That comment just struck me as soooo wrong. We know exactly what she meant, though. She meant, “We don’t celebrate that fact-- we’re embarrassed by it, horrified by it. For that reason, we keep them covered over.”
I had my title! I had my focus for the presentation! We who are white, don’t know how to deal with our racial history, and so we cover it over just like those shackles. We erase it from our sight line. But the reality of racism doesn’t just poof, go away because we don’t see evidence of it! What David would be doing, what we as a church would be doing—since we are hosting David, is exposing some of the hard, as in concrete and hard as in difficult to stomach, specifics of racism. So, I decided to name our presentation, Unveiling Racism: A Way Toward Healing. Unveiling. Uncovering those shackles in Glendower’s slave gallery, uncovering the fact of lynching in Albemarle’s (and also Fluvanna County’s) past. Ta Da!
So now, I want to turn to our first scripture reading for today, Exodus 26:31-35. Moses is leading a band of Hebrews in the wilderness. They are hungry and tired and some of them are getting rowdy. Moses needs help. God got him into this mess. God’s going to help him get out of it. So, he climbs Mount Sinai to have it out with God. God gives him the Ten Commandments. But that’s not all. God gives Moses instructions on how to construct a worship space —a tent of meeting—so that those rowdy Hebrews won’t forget who saved them from Pharaoh. The tent would also serve as a shelter for the 10 Commandments and The Ark of the Covenant.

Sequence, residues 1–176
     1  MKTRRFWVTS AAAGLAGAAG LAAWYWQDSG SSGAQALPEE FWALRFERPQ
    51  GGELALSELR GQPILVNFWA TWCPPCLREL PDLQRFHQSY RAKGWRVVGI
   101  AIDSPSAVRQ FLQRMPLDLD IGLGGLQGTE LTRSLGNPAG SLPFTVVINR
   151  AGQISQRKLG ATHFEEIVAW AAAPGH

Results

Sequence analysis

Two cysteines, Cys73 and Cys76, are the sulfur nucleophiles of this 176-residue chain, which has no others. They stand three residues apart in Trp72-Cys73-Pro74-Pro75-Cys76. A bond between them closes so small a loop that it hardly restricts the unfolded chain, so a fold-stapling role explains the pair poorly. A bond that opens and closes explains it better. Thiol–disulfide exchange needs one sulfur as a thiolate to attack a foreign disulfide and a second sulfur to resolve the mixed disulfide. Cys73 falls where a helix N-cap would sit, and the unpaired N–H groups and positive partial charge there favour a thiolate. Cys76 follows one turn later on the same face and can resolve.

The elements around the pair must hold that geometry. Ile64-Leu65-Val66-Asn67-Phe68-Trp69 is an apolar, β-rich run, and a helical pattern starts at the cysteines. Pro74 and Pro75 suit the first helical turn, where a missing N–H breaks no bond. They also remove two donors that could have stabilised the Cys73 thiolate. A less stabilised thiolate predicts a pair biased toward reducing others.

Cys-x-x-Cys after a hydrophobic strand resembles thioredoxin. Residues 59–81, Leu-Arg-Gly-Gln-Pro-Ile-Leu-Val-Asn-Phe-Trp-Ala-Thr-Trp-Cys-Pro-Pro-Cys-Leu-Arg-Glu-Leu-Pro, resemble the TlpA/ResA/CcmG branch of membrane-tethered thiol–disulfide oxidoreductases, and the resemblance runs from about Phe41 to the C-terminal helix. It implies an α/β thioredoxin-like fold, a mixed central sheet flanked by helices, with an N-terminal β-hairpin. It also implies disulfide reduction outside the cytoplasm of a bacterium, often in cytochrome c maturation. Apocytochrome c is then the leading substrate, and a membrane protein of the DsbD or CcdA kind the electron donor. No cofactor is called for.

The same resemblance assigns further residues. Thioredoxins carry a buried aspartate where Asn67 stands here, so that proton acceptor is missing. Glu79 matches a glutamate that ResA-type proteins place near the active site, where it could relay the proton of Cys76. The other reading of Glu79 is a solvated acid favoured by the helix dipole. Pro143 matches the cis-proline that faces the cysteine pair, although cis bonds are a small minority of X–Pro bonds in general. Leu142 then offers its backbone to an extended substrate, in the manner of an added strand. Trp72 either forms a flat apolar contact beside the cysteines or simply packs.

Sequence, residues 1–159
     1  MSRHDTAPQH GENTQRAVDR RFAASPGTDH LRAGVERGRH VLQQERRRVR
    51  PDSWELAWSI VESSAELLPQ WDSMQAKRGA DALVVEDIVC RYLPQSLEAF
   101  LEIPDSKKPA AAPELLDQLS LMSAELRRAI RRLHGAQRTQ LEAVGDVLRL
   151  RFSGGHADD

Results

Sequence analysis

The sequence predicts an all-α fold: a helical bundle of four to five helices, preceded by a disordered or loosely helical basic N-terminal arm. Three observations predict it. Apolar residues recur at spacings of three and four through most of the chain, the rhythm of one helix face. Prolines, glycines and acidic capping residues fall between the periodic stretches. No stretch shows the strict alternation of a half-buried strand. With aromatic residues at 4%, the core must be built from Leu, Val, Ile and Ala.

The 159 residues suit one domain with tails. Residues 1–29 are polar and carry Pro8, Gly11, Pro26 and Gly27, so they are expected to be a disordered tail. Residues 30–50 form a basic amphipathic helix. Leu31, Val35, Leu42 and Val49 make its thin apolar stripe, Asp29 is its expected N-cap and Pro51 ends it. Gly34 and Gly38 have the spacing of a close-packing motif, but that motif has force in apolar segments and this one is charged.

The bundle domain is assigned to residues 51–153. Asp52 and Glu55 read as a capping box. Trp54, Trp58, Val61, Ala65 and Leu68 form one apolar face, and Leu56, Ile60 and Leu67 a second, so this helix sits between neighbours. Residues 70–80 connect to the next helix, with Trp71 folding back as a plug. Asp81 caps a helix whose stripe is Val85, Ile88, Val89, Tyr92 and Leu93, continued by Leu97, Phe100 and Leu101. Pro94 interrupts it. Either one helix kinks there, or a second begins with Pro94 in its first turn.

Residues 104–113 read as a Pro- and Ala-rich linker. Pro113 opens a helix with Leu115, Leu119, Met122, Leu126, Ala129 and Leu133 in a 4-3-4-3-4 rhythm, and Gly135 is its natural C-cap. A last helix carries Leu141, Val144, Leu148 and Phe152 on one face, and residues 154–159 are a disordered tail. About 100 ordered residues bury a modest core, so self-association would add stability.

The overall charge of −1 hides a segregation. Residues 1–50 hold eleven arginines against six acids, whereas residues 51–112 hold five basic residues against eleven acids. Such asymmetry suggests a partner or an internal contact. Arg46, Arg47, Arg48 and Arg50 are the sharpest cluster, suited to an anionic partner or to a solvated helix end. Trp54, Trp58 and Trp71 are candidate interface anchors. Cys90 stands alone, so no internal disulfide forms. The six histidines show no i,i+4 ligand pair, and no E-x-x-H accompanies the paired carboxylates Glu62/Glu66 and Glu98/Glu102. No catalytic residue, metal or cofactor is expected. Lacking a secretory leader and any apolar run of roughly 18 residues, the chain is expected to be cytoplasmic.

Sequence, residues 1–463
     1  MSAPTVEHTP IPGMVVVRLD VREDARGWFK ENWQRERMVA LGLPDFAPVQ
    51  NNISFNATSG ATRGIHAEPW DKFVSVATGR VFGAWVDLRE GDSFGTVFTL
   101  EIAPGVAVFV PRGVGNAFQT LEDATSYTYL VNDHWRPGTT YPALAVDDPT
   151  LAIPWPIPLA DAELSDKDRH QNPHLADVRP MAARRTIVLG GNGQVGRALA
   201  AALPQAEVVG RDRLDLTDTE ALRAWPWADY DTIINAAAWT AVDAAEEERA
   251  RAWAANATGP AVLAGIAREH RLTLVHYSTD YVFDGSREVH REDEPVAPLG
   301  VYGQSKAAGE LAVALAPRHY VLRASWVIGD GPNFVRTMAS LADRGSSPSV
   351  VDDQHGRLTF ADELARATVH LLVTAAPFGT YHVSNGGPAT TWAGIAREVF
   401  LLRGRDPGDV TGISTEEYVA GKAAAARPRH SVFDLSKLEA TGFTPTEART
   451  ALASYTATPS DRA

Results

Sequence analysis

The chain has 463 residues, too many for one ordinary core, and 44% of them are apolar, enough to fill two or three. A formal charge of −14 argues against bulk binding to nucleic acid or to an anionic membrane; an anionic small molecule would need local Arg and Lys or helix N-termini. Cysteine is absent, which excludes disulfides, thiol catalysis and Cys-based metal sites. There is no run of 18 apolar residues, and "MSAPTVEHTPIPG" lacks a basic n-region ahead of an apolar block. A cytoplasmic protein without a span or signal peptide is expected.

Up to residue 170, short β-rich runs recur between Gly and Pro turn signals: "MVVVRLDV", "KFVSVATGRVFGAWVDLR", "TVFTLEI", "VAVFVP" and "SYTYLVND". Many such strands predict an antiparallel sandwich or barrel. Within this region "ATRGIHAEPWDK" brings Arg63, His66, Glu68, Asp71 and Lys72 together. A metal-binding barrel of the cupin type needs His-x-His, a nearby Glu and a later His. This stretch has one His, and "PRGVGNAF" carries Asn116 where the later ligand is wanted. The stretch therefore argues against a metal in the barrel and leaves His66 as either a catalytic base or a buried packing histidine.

The Ark, God told Moses, shouldn’t be smack in the middle of the tent. It was so holy, that it should be set off in what I imagine was a corner of the tent. That corner should be called the Holy of Holies. God told Moses the Holy of Holies should be separated from the rest of the tent of meeting by a curtain. Our text goes on to relate how that curtain should be decorated.
Ok. Let’s stop there. I want to talk about the curtain. In our text, and in most contemporary Bible translations that is what it is called. A curtain. But, in the King James version (I know some of you prefer the King James Version) in the King James Version it is referred to as a veil. My guess is, translators from the Hebrew to English changed veil to curtain. That’s because our understanding of the word veil has changed. Today we associate veils with brides, don’t we? At least I don’t think it’s just me. But I know, I officiate at a lot of weddings.
Bridal veils, as you know, are made of sheer, lightweight fabrics. You know that if you’ve ever been to an outdoor wedding in high winds. I have officiated at a high-wind, outdoor wedding. As the bride walked down the aisle on her dad’s arm, a wind swept through. Her bridal veil took flight. For a minute, all eyes went up. We watched the veil dance above us and then away.. The bride lifted up her skirts and took off, chasing after it. No she didn’t. I just made that part up! The veil landed in some nearby grapevines. The bride continued on down the aisle on her dad’s arm, veil-less.
Anyway, that’s not what hangs between the holy of holies and the rest of the tent of meeting. It’s a highly ornate, probably very heavy curtain, made of linen.